In this distinction, we sort intelligent agents, such as fellow humans or supernatural forces on one side, and rocks, outer space and all that immaterial stuff on the other other side. Other animals, or things we know don’t have agency (such as “the weather”) are intermediary cases, but intuitively relegated to be more like automatons. There is a noticeable, intuitive line, it seems, that separates humans, gods, culture, everything that has purpose and meaning from everything else. Which may show the symbolic workings of our minds. Our pattern seeking mind thus wanders around in a lifeless universe and on occasion stumbles across patterns, which produce the sensation of having meaning, and thus belong to this symbolic realm. In other words, the intuitive distinction seems to split apart our world into the meaningless and the meaningful, again with states in between, and the meaingful things are represented with symbols in our minds. And since we are “in here” all the time, they are around us at all times and in that sense “real”.

In practice it could look like this. Some rocks are meaningless, but if they have a certain shape, they suddenly have a meaning and are profoundly different. The special rock is singled out and gets a symbolic representation (such as a name). I believe that this conjuncture could built a bridge why humans began to create meaning by producing the sort of artifact that other human minds would regard as meaningful, too. Now there is someone who carves the rock so it looks unnatural and thus changes reality in such a way that this new rock would “suggest” itself as meaningful to a wandering eye of another human. This is like a one sided form of communication and probably cryptic (as the other human would be left wondering what the strange looking rock means). It becomes really interesting when they agree on what something means. This is what language is about.

Other animals have limited forms in their communication. From their perspective, most noises are meaningless, but some aren’t and they recognize them as meaningful to them, such as courtship songs (since even insects reach that level, we can assume the basic forms of sorta-meaning, can be constructed comparably simple). The ramp into meaning using artifacts can be seen a little when animals e.g. mark territories, which are also, in a way, symbolic.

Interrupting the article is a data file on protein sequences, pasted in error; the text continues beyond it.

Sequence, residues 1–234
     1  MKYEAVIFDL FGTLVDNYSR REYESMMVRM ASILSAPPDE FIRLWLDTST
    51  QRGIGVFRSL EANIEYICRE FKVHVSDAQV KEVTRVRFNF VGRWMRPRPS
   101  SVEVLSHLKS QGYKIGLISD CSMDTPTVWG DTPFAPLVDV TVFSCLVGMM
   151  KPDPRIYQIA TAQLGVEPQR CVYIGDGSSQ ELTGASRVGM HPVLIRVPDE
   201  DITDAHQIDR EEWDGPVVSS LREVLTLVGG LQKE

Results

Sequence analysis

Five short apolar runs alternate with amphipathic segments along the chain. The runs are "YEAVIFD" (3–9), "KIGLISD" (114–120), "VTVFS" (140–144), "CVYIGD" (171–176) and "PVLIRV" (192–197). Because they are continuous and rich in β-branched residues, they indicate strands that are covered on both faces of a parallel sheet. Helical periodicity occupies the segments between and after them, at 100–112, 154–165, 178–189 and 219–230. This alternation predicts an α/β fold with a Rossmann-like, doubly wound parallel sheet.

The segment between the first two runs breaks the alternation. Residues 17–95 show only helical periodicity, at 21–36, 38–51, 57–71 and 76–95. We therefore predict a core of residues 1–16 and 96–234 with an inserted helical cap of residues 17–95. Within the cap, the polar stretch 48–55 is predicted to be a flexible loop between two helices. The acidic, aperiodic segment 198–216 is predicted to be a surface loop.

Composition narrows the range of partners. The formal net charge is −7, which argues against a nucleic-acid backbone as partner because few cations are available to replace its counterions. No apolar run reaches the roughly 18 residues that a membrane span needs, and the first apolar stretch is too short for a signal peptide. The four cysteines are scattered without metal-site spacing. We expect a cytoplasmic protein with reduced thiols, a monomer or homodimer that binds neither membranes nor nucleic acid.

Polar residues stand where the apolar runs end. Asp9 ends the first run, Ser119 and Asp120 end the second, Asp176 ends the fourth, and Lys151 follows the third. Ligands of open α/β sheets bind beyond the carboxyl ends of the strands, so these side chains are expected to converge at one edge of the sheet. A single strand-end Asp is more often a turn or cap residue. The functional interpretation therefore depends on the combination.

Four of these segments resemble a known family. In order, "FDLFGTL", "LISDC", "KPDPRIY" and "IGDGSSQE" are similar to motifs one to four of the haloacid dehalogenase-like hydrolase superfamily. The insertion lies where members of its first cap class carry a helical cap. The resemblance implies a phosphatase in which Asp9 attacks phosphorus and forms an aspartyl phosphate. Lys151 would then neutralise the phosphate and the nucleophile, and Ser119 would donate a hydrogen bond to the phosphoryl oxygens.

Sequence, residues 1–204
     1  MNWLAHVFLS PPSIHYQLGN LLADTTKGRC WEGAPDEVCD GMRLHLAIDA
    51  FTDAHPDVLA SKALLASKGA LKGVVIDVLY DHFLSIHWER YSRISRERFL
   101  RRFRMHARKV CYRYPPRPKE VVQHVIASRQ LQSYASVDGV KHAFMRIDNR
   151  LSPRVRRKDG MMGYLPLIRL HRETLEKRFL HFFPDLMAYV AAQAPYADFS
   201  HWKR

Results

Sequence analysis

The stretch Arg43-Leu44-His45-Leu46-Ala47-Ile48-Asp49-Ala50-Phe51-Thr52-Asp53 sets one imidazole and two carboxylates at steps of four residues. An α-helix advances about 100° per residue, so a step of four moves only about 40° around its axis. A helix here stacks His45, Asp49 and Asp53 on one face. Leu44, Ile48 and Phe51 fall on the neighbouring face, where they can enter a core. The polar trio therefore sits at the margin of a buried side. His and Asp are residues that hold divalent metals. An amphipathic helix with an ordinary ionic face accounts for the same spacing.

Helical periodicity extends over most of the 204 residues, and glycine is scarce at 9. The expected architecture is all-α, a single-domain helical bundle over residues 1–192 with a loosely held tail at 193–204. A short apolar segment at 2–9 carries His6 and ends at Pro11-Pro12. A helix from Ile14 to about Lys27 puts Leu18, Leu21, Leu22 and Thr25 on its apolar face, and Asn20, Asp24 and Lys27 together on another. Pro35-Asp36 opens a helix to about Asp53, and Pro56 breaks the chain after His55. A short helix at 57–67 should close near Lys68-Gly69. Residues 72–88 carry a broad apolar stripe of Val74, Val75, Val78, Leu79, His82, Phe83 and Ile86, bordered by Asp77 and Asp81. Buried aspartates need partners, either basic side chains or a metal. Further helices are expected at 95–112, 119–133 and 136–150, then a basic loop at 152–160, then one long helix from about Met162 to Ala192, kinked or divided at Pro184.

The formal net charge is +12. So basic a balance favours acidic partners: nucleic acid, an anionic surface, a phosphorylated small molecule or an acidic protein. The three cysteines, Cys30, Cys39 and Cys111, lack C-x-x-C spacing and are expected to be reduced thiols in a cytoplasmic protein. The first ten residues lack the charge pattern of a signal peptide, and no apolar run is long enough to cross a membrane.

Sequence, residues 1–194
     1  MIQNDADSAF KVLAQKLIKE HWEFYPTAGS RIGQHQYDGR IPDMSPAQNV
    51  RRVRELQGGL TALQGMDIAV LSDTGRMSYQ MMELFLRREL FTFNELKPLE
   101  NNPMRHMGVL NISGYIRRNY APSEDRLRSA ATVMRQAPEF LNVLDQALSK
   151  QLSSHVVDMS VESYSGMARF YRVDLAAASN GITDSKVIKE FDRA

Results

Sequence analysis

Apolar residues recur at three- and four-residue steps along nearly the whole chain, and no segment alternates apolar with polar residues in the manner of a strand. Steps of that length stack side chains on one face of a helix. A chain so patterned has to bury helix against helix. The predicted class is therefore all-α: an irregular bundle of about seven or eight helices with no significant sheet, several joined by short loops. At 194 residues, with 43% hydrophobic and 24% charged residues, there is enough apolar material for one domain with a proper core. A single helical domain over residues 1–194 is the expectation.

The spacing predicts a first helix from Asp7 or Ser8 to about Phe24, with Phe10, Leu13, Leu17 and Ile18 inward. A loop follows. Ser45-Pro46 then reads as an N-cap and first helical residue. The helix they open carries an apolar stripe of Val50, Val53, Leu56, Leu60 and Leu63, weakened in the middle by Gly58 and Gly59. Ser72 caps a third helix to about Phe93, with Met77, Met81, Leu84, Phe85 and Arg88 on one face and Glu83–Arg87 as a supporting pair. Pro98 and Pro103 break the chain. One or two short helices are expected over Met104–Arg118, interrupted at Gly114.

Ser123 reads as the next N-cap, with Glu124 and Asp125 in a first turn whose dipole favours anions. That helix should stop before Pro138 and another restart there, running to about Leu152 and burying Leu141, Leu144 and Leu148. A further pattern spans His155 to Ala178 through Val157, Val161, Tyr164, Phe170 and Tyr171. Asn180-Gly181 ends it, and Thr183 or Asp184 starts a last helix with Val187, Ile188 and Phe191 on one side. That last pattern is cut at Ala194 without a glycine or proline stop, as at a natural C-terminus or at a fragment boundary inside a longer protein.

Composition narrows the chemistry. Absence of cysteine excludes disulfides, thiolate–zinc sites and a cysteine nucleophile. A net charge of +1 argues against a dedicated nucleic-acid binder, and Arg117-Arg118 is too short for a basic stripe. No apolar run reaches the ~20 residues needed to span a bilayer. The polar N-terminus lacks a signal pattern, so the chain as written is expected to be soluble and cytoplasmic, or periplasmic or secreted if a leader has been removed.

What do you mean by meaning?

Symbols are an awesome “invention” and very fantastical when you think about it. Some stuff in our minds is represented by something distinctive we see in the world (like a uniquely shaped rock) , which can be passed around and understood by another human who has then presumably similar thoughts. This is our way to pass around meaning and that human ability, I am arguing here, might be the root cause for all the supernatural beliefs (and probably everything uniquely human), and indeed, human communication. Words are nothing else than that uniquely shaped rock (and you see, far more complex, and spontaneous). Why this is will be detailled in a future update on Semiotics.

Astrology Signs: Looking for meaning in galaxies and stars lightyears away.

Astrology Signs: Looking for meaning in galaxies and stars lightyears away.

Meaning has a social component, too, as such a symbolic culture can only arise when a community agrees on what the representations actually mean. In other words, they have to synchronize their conciousness in some form by agreeing that some external thing represents a similar content of conciousness. And this has an element of negotiation and isn’t fixed. They also have to sort out what is meaningful to them and what isn’t, which roughly equates to “taking seriously”.  Suppose I brought to you that I think  “you are awesome and I really mean it!”. Maybe you blush a little. But when I told you that this sentence was randomly generated by a machine, you would suddenly feel much less flattered. Meaning seems to have something to do with relevance. What a machine produced randomly isn’t as relevant, as what some person thinks. And you see here that your response can be very visceral.

Magic of Meaning

“Indeed, to cast a spell, is simply to spell, to manipulate words, to change people’s consciousness.” – Alan Moore

What happens there seems like magic and must have appeared as such to our ancestors, who lived in times where thinking about thinking and meaning was nearly unknown. Of course I don’t believe that magic actually exist. However magical beliefs are a historical fact. Understood in that sense, the art of manipulating symbols to change consciousnesses is like magic. We know we can be terribly hurt by words. And a pep talk and some nice words can be incredibly uplifting. With all the belief systems and superstitions in place, how would it feel like if someone cursed you and really meant it – perhaps because you just sentenced them to death and you really believed their words are going to have some sort of effect on you? As with the example of the random generated message, it depends on taking things seriously. If you do, response will be “real” (visceral etc. keep in mind at the time you would be surrounded by other humans who also take it seriously, too).

Wouldn’t it make sense to panic at the prospect of being hunted by a supernatural force, when the same system that gives meaning to it, is used to ascribe agency to real predators? It saved your ancestor’s skin many times, otherwise you wouldn’t be here. I think words, once they enter the complex machinery of our brain, and signalize that something is after us, would stir up the same circuits in the deeper, unconscious parts of our brains in much the same way as seeing a predator in a bush would.